Grateful Instead of Angry

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That SaturYAY feeling... 9 hours of sleep, a great cup of coffee, the times’ good news report (thanks for doing that @nytimes) and a full day of sunshine ahead of me.

One of my favorite questions that has been landing in my inbox as of late is: how did you learn to be grateful instead of angry at illness?

The first thing to note here is this - I was angry for years. Angry isn’t even the word for it - I was furious.

That said, I learned that emotions coexist at a young age. Joy comes with pain. Gratitude comes with sorrow. The landscape of humanity does not exist without the shadows and as much as I hated this truth - that emotional contamination occurs - the anger or darkness or sorrow always seeps into the joy, light and gratitude, I knew that was just how it was and how it always would be so I chose to accept it.

After my first psychiatric hospitalization when I had shock therapy and lost two years of memory, I took to writing my day’s events down each night diligently. Before bed, I would upload my day’s photos from my parents old Nikon and catalog the events of the day in a word document.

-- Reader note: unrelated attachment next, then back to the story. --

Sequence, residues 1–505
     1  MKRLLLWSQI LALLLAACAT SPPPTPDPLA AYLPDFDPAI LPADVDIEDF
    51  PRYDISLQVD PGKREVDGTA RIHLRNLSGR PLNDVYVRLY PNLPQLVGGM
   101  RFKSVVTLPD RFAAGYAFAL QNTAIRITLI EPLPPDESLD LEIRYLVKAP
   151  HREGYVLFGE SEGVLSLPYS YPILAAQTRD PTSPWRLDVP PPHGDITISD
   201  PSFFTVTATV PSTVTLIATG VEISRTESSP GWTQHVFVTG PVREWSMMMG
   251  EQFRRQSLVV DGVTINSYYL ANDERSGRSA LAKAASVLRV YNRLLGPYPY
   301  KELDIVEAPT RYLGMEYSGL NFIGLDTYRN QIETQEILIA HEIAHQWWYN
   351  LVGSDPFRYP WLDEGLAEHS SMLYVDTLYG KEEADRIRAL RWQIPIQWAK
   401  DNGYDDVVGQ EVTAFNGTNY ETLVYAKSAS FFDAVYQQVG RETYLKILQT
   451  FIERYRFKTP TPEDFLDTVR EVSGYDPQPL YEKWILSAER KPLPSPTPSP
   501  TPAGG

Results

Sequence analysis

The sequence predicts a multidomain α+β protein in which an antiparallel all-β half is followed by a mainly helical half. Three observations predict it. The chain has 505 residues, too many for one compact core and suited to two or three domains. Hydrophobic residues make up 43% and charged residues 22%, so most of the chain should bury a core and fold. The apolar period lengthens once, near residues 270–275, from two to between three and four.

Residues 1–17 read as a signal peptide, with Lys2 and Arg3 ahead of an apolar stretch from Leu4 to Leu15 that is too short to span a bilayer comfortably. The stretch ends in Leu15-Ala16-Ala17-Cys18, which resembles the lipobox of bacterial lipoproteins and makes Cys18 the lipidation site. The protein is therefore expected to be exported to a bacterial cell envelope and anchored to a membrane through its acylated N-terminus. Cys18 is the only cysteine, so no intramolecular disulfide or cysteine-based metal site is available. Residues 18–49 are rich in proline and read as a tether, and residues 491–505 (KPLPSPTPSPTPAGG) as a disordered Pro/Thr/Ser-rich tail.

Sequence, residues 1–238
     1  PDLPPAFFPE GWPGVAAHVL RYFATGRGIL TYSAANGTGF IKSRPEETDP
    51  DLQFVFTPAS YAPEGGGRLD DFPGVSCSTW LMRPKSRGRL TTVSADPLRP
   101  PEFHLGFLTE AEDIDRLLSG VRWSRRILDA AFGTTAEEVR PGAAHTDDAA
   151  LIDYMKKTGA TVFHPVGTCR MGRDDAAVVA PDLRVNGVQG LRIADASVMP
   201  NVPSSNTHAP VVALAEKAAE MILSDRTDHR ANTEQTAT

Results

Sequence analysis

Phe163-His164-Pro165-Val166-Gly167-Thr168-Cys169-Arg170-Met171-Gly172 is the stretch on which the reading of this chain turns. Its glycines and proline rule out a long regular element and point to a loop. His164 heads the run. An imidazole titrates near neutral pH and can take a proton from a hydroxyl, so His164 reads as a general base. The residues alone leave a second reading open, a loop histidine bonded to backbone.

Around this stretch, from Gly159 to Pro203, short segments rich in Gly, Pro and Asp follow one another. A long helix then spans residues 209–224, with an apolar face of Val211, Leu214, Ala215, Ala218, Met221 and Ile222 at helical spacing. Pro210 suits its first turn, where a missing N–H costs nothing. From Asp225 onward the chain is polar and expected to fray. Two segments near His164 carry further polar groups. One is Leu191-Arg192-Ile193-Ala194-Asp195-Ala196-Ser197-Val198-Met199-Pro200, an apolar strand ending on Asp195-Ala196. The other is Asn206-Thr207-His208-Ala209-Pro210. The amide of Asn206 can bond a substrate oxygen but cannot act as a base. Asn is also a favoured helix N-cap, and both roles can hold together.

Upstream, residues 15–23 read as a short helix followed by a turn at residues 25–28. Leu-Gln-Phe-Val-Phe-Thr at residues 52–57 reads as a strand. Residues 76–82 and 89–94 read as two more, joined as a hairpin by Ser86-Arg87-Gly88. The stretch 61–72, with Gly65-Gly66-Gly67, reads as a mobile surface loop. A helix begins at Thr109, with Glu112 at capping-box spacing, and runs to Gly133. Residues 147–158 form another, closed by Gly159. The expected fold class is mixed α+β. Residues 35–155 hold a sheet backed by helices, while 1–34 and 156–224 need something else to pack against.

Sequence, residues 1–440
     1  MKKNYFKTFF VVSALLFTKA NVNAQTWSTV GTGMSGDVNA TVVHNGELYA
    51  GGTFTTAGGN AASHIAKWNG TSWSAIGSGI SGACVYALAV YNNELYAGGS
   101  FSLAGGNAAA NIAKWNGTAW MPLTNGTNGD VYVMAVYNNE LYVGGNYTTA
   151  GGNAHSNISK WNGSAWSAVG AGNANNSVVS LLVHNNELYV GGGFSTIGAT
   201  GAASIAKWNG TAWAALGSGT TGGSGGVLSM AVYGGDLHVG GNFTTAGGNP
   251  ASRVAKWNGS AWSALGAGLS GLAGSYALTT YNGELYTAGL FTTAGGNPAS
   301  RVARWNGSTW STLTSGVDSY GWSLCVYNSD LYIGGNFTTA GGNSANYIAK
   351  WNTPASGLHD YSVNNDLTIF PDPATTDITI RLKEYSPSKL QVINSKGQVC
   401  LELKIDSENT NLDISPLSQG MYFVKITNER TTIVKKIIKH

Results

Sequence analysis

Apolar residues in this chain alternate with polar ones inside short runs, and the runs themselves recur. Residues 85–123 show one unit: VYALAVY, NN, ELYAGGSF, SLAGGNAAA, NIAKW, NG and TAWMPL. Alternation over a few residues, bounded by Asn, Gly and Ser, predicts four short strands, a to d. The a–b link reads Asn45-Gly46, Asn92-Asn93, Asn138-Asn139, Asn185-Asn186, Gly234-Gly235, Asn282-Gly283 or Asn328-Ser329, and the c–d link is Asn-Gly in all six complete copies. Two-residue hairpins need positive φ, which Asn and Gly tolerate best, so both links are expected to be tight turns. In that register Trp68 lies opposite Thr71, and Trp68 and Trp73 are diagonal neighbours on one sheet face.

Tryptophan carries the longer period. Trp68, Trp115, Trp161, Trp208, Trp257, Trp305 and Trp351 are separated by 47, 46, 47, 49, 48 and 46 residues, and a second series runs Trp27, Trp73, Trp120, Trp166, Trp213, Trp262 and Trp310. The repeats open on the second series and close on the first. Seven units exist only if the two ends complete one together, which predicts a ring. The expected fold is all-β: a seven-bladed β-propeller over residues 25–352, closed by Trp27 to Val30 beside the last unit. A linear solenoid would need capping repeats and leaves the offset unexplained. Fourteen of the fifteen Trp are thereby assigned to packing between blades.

After I finished the photo + diary component of this practice, I wrote three lists: things I learned, things I wanted to work on & things I was grateful for.

I did this for years.

At times, furious & exhausted by the journaling, I resorted to only one practice at night - the gratitude list. In a journal my grandmother gave me, I always made time to write the things I was thankful for. They were small things: a tulip petal holding rain water and light, someone holding the door for me, an hour without hallucinations, a sip of coffee that tasted just right.

During our floor remodel & subsequent rat infestation two years ago, the little buggers got a hold of it but they left the poem I wrote on the fabric cover. It speaks to my growth into gratitude:

And today,

I vow to be a sunflower.

To grow,

Even in darkness & rain.

For even when the hallucinations rage,

And the sorrow drowns,

And the darkness takes over,

I have the power

To choose

To turn

To grow

Oh so slowly-gently

Towards the light.

Kate Fisher